Terence O'Brien (British diplomat)

From Wikipedia, the free encyclopedia
Jump to: navigation, search

Terence John O'Brien MC CMG (13 October 1921 in Ranchi, India – 22 December 2006 in Wallingford, Oxfordshire, England) was a British career diplomat.[1][2]


Born in India, the son of Joseph O'Brien, he belonged to a long line of British civil servants who served the Indian Empire. When he was eleven his father retired and settled in the English county of Norfolk.

Education and war service[edit]

O'Brien was educated at Gresham's School, Holt and Merton College, Oxford, where he was a Postmaster Scholar.[3] He arrived at Oxford in 1939, and his university career was soon interrupted by the Second World War. He served as a captain in the Ayrshire Yeomanry and took part in the Normandy Landings, being awarded the Military Cross in 1945 for his survey work between Allied and enemy lines. After the war, he returned to Oxford to complete his degree and was an active member of the Oxford University Dramatic Society.


In 1947, O'Brien joined the Dominions Office, then was at the Commonwealth Relations Office from 1947 to 1949. From 1950 to 1952, he was at the British High Commission in Ceylon, then was seconded to the Treasury from 1953 to 1956. He was First Secretary (Financial) at the British High Commission in Australia from 1956 to 1958, and later joined the British Diplomatic Service. His subsequent career was spent in South and South East Asia.

He was appointed British ambassador to Nepal in 1970. He visited remote regions to assess British aid projects, and on one occasion trekked with the Crown Prince Birendra, a close friend. His greatest achievement there was averting a serious famine by co-ordinating a relief operation involving the RAF and the Indian government. In Kathmandu he invented the sport of duck racing.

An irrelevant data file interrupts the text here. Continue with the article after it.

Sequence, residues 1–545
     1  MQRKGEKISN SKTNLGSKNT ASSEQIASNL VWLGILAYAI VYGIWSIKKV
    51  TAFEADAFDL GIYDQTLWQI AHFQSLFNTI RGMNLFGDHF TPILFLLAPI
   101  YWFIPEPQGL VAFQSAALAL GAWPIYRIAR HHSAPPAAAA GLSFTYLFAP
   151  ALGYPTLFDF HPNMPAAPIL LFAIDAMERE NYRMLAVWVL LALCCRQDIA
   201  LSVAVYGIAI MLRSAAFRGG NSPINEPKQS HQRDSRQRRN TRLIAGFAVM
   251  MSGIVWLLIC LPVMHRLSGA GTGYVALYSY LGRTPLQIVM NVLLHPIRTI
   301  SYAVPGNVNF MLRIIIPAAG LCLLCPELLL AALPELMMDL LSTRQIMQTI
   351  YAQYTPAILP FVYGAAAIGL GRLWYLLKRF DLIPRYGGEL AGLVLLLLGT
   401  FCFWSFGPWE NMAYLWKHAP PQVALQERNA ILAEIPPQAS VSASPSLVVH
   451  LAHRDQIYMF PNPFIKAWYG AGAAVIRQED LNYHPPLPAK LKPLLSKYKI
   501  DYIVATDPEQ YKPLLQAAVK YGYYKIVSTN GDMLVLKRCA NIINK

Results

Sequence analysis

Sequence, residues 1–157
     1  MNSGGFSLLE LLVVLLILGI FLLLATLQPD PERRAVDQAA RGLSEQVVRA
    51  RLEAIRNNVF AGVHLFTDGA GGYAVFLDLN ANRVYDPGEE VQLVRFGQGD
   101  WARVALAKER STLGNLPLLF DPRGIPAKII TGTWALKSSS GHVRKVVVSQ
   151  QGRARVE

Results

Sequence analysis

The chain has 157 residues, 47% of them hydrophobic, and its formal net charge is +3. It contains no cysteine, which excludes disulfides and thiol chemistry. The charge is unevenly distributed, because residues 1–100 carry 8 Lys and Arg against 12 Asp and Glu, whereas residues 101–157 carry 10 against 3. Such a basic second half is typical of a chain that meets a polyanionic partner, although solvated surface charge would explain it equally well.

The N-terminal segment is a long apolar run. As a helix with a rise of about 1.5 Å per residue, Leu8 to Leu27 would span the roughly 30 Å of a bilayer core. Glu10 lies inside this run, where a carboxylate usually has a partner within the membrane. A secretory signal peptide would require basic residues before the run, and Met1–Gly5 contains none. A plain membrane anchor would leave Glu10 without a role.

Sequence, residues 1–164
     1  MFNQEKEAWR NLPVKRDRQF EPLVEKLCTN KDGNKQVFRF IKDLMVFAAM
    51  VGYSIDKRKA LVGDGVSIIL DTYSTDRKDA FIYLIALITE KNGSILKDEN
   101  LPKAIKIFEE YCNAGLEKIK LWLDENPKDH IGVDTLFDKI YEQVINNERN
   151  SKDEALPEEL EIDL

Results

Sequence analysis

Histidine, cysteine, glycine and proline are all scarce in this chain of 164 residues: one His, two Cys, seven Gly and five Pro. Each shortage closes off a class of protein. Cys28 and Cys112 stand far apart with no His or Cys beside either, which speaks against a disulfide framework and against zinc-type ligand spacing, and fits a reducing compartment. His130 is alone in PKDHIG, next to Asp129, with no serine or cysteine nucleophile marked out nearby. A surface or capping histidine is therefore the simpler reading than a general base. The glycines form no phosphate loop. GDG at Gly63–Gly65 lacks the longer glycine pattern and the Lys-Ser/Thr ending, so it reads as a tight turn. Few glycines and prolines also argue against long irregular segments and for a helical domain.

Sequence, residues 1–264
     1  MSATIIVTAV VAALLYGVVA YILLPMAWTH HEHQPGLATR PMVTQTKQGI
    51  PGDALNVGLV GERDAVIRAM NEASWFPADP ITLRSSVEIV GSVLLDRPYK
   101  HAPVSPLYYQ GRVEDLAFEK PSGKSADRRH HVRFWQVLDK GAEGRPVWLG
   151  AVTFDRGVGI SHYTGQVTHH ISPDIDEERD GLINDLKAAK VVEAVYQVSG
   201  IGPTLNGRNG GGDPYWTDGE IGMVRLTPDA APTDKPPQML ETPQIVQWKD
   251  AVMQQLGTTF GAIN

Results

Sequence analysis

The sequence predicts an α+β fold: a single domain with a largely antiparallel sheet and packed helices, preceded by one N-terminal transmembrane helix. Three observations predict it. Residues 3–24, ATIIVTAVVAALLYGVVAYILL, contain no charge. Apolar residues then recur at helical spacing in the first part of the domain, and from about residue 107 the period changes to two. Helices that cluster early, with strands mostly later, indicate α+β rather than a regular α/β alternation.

He was posted as ambassador to Burma in 1974 and was appalled by the regime of General Ne Win, whom he was obliged to meet officially on many occasions. Among his friends there were U Myint Thein, a former Chief Justice, and Daw Khin Kyi, the widow of Aung San and mother of Aung San Suu Kyi.

He next went as ambassador to Indonesia in 1978, then presided over by Suharto, where he faced the challenge of a trade war between Britain and Indonesia.

He retired to Dorset in 1981, where he spent much of his time trout fishing. When he died in 2006, he was living at Wallingford, Oxfordshire.

Diplomatic career summary[edit]


O'Brien married Phyllis Mitchell in 1950,[3] but she died of polio in 1952. In 1953 he married Rita Emily Drake Reynolds;[3] they had one son and two daughters.



  1. ^ Heath, John, Obituary: Terence O'Brien, The Independent, 27 January 2007.
  2. ^ Who's Who 2003 (A. & C. Black, London, 2003), page 1618.
  3. ^ a b c d Levens, R.G.C., ed. (1964). Merton College Register 1900-1964. Oxford: Basil Blackwell. p. 318. 
Diplomatic posts
Preceded by
Richard Hugh Sedley Allen
British Ambassador to Burma
Succeeded by
Nicholas Fenn